Design Journal

This “design journal” is made up of posts I wrote on my public-facing blog while making PONGS.

New Project Status (2012-04-03)

The new game I’ve been making is so far called PONGS and it’s… a whole lot of_ PONG_s. So to speak. On the plane-ride home from Greece a while back I amused myself by trying to come up with ten different versions of PONG. Mostly I thought of it as trying to think of a whole lot of “gags” based on the mechanics and appearance of the original PONG (though I think it’s evolved in a little more than that now). When I got to ten I wasn’t back in Copenhagen yet, so I kept going. Eventually I made it to 25, which I was pretty pleased with. Now, after culling a couple and adding a couple, I have 26. The whole thing has been an interesting experiment in trying to work in terms of variations instead of one monolithic idea, it’s been quite a pleasing challenging. I have a few more things to do yet, but figure PONGS will be all done in a week or so.

From Uh-Oh to OO (2012-04-05)

So I’ve been toiling away at PONGS. I made 26 variations on PONG and then thought I was finished with it and would polish and release by next week. But then I was talking to Rilla and we thought of a couple more variants that simply had to be part of the collection. And once there were two more there really needed to be ten more. You know, for the children. But this led to a bit of an issue, because the way I coded the first 26 was a massive pain in the ass…

You see, I watched this pretty cool talk by Jonathan Blow where he talks about how you really shouldn’t bother with making your code “nice” as you go. Instead of thinking up clever data structures and efficient algorithms you should just do what works there and then so you can keep surging forwards. He makes a pretty nice case for the whole thing and I certainly found myself more or less convinced by the time all was said and done.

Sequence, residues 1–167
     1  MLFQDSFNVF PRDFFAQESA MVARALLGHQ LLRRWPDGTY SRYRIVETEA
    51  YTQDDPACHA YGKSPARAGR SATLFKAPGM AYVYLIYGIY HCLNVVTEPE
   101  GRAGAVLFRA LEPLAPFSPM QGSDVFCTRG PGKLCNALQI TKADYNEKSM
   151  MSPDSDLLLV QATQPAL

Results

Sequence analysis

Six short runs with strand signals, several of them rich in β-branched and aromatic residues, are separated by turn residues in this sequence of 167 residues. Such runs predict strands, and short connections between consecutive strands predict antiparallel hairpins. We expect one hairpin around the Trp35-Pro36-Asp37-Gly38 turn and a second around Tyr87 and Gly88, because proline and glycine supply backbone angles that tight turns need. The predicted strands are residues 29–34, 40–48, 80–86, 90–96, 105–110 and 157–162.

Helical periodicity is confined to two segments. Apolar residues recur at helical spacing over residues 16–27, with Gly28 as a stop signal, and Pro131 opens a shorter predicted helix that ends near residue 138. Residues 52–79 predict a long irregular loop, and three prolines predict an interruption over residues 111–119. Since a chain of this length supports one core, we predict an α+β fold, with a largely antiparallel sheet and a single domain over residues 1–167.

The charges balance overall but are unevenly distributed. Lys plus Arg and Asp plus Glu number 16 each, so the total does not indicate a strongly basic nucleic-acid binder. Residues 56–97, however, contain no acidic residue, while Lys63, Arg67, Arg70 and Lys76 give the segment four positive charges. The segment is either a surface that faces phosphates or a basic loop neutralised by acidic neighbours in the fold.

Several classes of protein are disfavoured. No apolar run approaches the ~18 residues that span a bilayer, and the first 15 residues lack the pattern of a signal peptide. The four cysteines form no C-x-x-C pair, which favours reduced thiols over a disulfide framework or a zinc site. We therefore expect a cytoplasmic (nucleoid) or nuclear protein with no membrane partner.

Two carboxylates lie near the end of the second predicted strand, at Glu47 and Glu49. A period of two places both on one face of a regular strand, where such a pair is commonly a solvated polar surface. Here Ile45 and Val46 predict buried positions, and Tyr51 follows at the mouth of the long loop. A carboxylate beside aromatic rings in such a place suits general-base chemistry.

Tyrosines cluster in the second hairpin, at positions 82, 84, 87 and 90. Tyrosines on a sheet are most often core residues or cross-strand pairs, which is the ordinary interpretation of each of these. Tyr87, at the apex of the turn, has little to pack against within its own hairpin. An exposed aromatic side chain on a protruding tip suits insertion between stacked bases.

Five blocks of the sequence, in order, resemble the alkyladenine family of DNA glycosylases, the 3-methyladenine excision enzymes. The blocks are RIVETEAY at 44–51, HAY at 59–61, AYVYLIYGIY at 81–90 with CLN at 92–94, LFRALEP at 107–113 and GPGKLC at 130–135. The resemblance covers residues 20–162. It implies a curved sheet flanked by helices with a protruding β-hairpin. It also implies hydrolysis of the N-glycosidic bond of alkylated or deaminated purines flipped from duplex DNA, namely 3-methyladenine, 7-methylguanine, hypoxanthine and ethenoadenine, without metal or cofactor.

The problem is I think I got a little too into the message of “surge ahead”, so I adopting a particularly crappy way of writing my PONG variants. In particular, I wrote a “standard” version of PONG, and then I cut and paste all the code into a new file and then hacked it into each variant. That is, each file bears no relationship whatsoever to any other. Want to change the fonts used? Change all 26 files. Want to change how fast the ball moves? Change all 26 files. And so on.

And of course programming has, for a rather long time, had a specific solution to exactly this ridiculous situation. It’s called inheritance, and it’s pretty goddamn fundamental to object oriented programming. I didn’t use it because I was momentarily blinded my what I can only assume is my misinterpretation of Blow’s talk. Of course you should make 26 variants on PONG by using inheritance from a standard PONG. Good god man!

And so today I went back through it all and did just that, streamlining all the code so it inherits from the standard PONG code and just makes the changes necessary. Files that were a few hundred lines long shrunk to 10% or less of their size. The code actually made sense to read. I could now change fonts whenever I damned well pleased. It was pretty magical. I’m actually glad I didn’t used inheritance in the beginning just so I could see explicitly how wonderful it is to use inheritance by changing over. Not to mention how nice it has been starting work on the “final” 10 variants this evening and adding them to the inheritance structure. My my.

In short, it’s totally cool to forge ahead and code “what works”, but that probably shouldn’t include absolutely fundamental programming concepts. Just a heads up.

This Is What It Sounds Like When Sprites Don’t Collide (2012-04-06)

Today I found myself lying on the couch feeling maudlin about sprite collision detection and resolution. It was not unlike speaking to my silent (and admittedly non-existent) therapist when I gave a small speech about how I wished I was smarter and knew how to things like collision. I fervently wished at that moment I was a mathematician or physicist or, damnit, just a better programmer! But no, I’m none of these things and so have been battling away with some collision stuff for PONGS for a good chunk of today.

I’m using Photonstorm’s awesome pixel perfect collision checking to find out if the ball is hitting certain falling shapes in a particular level of PONGS. That all works like a dream, but the problem is that the Photonstorm code doesn’t actually help you to resolve the collision. That is, you know that things hit each other, but not what to do about it in response. I’ve spent time looking at how Flixel resolves collisions between simple bounding boxes, but even that kind of zooms over my head. I get bits of it, then maybe some other bits, but by then the original bits are all gone again. Hopeless.